Orange Spotted Goby



The Orange Spotted Goby, also called Goby, Spotted Prawn Goby, or Orange Spotted Shrimp Goby was first observed within the Western Pacific in 1938. The body of the fish is white with orange spots highlighted in brown. It has the ability to form symbiotic alliances with nearly blind Alpheid shrimp. It keeps an eye on the shrimp as the shrimp digs a burrow, which they share. It is recommended for aquariums 10 gallons or larger and contains adequate hiding areas as well as ample space for swimming. The aquarium must have the lid tightly fitted to prevent it from escaping. This Orange Spotted Goby adapts well to reef aquariums. However, it could pose a danger to tiny, delicate decorative shrimp. It is attracted to an area of fine sand and loose coral rubble to sift through. The Orange Spotted Goby can spawn successfully in aquariums. The diet of the fish should include an assortment of mysis shrimp that are frozen or fresh and vitamin-rich brine shrimp or table shrimp. It is recommended to feed it daily at least two times. Approximate purchase size: 1" to 2"  
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General information regarding Orange Spotted Goby Its body is white, with spots of orange highlighted in brown. It can create symbiotic relationships with almost any blind Alpheid shrimp. It is able to keep an eye while the shrimp digs up a burrow for them to share. It's ideal for aquariums with lots of hiding spots and plenty of swimming space. The aquarium must have the lid tightly fitted to stop it from escaping. This Orange Spotted Goby does pose the risk of threatening small fragile ornamental shrimp. It favors fine sandbed and coral rubble that is loose to sort through.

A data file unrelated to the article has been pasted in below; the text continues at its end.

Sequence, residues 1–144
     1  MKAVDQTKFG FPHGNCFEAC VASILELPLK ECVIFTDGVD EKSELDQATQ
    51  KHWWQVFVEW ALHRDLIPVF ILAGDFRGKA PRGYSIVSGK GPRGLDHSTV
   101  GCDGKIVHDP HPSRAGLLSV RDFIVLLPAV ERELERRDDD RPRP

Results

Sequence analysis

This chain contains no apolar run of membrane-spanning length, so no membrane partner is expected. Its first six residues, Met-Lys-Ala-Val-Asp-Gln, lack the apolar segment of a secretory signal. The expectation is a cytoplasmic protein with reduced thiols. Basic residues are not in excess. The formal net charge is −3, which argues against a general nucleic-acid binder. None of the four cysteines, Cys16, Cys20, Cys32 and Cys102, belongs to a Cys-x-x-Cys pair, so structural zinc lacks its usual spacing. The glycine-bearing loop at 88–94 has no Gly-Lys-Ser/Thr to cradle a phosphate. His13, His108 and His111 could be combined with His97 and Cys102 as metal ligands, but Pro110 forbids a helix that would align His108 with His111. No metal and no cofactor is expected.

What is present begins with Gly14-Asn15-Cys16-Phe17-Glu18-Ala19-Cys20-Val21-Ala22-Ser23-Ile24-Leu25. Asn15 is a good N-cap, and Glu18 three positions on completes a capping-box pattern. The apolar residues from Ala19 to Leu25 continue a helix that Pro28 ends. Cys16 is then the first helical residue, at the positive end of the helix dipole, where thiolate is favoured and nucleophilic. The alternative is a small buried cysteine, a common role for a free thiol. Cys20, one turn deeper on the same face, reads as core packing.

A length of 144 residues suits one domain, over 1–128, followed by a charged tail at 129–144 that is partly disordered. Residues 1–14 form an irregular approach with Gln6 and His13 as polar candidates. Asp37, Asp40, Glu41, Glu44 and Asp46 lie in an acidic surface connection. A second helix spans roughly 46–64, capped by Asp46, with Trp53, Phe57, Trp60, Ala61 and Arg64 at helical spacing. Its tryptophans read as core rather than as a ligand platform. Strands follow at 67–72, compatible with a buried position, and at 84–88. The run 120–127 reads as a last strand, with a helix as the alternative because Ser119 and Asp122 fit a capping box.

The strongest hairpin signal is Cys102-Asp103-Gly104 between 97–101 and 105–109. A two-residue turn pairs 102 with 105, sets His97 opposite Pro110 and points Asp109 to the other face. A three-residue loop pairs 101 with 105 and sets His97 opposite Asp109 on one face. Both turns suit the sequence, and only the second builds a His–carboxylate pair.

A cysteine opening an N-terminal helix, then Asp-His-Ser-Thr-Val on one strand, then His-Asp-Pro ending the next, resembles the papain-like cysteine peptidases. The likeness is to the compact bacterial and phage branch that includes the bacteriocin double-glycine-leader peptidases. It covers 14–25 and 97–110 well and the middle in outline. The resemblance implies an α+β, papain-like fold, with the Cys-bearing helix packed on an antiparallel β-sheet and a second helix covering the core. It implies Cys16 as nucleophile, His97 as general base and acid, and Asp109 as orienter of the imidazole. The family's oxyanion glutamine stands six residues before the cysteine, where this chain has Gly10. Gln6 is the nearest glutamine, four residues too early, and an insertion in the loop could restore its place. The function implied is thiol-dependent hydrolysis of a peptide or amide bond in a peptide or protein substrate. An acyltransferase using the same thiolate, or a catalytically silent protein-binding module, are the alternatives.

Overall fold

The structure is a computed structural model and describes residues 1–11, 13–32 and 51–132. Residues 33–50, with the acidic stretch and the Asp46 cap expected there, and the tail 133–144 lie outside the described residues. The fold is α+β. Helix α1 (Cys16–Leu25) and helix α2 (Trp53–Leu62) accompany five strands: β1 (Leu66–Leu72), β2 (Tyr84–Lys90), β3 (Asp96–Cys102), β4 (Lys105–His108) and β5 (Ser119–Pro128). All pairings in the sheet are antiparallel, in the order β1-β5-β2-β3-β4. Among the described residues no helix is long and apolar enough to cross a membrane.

Large, Medium, Small
6 lbs


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Is hiring a professional necessary to set up a saltwater aquarium?

As a general rule, a larger custom aquarium might require installation by a professional. However, a kit from our online fish store is relatively affordable and beginner friendly. That means you should have no problem setting it up yourself.

Which saltwater aquarium fish should you choose when starting out?

Consider a yellow tang fish. This popular saltwater aquarium fish does a great job of coexisting with other types of fish you’ll find in our online fish store.

How does a saltwater aquarium differ from a freshwater one?

Saltwater aquariums require a bit more maintenance and monitoring than freshwater tanks. Different fish require different levels of salinity, pH tolerances, and temperature requirements. They also require specialized pumps, filters, and other equipment that can handle salt. We can guide you through everything you need to know to set up a healthy, thriving reef tank.

Do fish in a saltwater aquarium swim in a school?

That depends on the species. However, if it’s a fish that swims in a school in the wild, they’ll do the same in an aquarium. Some fish that swim in schools include the green and blue chromis, cardinalfish, and dartfish, for example. When ordering from an online fish store, make sure you do your research on how specific fish species behave to ensure they’ll school (or at least coexist) with your current fish.

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Yes! Many aquarists dream of owning thriving saltwater aquariums. You have a tiny piece of the ocean in your home, featuring magical and exotic fish that can only survive in saltwater.